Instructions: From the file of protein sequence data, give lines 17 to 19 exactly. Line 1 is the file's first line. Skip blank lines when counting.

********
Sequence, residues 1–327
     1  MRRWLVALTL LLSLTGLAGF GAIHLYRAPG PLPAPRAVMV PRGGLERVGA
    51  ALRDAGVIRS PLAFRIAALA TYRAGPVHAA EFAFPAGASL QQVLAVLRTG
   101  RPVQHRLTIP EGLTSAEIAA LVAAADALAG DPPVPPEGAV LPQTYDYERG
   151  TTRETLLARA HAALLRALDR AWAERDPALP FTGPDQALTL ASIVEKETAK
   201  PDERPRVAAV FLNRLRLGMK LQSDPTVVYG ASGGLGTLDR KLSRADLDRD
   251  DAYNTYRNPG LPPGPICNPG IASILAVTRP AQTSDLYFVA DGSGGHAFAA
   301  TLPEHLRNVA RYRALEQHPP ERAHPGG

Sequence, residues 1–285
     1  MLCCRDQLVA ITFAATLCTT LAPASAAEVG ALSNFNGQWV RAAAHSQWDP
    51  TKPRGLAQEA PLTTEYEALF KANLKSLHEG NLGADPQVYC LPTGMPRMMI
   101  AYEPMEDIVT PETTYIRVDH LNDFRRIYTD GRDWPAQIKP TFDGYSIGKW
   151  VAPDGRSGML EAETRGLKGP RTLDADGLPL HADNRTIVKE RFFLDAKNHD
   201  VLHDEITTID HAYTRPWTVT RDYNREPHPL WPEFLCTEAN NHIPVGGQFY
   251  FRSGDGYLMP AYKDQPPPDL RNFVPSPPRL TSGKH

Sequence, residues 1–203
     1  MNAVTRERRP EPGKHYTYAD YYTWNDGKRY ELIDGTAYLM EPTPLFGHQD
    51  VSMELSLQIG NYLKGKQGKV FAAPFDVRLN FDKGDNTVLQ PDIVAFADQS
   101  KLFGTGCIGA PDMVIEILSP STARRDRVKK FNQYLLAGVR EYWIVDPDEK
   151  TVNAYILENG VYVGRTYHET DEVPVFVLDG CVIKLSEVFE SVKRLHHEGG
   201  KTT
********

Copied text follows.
     1  MNAVTRERRP EPGKHYTYAD YYTWNDGKRY ELIDGTAYLM EPTPLFGHQD
    51  VSMELSLQIG NYLKGKQGKV FAAPFDVRLN FDKGDNTVLQ PDIVAFADQS
   101  KLFGTGCIGA PDMVIEILSP STARRDRVKK FNQYLLAGVR EYWIVDPDEK